Eric Protein Moseley, along with his daughter, has been homeless from coast to coast for over 16 years, with the Bronx being the place where his advocacy for homeless people all began.
Moseley became a homeless parent after he and his daughter’s mother separated because of their continuous drug use. Moseley, a resident of Detroit at that time, decided to take on a journey to find a better way of living for him and his daughter and hit the road with just the clothes on their backs.
Years later Moseley and his daughter somehow wound up in New York City in a homeless shelter. Upon their arrival Moseley was already equipped with footage from Los Angeles`s hard core homeless conditions down on skid row. Moseley’s plans were to make a reality TV show about homelessness, given that he knew so much about it.
The reality TV show format went out of the window when he witnessed a 8-month pregnant woman in need of medical attention and could not make it to the front door was turned down because the shelter did not want the EMS to enter to see the horrible conditions of the building. That is when Moseley began to act, calling local and state officials to complain. Since then the building has been relocated from the original birth place of 151 Walton to another location called Powers.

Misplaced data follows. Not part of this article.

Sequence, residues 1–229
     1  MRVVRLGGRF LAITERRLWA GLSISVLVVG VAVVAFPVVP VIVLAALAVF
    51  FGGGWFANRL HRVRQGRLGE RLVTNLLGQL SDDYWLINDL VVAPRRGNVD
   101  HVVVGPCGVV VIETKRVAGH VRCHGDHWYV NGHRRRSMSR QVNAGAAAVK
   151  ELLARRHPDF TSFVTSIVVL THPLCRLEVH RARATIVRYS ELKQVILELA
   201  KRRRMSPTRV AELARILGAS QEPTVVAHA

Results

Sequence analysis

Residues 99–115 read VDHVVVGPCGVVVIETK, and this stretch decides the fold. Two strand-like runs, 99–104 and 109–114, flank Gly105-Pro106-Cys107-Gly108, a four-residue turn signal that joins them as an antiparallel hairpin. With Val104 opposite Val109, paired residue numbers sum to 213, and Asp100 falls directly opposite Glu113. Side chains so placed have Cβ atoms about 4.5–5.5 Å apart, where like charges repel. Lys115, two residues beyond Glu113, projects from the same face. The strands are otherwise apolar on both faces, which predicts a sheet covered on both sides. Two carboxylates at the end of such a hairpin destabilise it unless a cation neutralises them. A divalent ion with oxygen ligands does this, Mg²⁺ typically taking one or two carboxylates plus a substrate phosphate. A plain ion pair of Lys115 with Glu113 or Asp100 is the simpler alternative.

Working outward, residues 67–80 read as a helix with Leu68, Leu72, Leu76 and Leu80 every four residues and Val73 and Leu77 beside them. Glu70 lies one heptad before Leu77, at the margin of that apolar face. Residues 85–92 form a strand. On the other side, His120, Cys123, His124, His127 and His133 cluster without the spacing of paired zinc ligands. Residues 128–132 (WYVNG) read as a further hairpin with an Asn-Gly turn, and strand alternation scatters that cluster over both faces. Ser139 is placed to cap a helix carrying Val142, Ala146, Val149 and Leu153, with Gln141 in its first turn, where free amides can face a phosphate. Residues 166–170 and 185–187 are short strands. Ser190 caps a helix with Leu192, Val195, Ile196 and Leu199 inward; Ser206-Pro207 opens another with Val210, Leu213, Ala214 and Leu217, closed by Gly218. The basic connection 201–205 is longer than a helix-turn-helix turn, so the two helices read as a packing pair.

Moseley eventually left New York with a new approach on life and went on to produce the popular documentaries titled “Down But Not Out” along with “A Cry Out To Obama”, which aired on PBS stations around the country. Together, these films have been featured a total of fourteen times in local newspapers from South Carolina to Los Angeles, Washington State and Washington, DC.
Moseley has been recognized in Los Angeles as becoming the very first homeless filmmaker to have documentaries aired on opposite coasts. He is now turning his attention to his new film, which is a documentary titled “A Cry Out To Obama”, premiering in the near future.
Moseley also plans to return to the New York area to do another documentary, “A Challenge to The Mayor”, which he will challenge Mayor Bloomberg to a 24-hour stay on the street of the city, allowing him to better understand homelessness.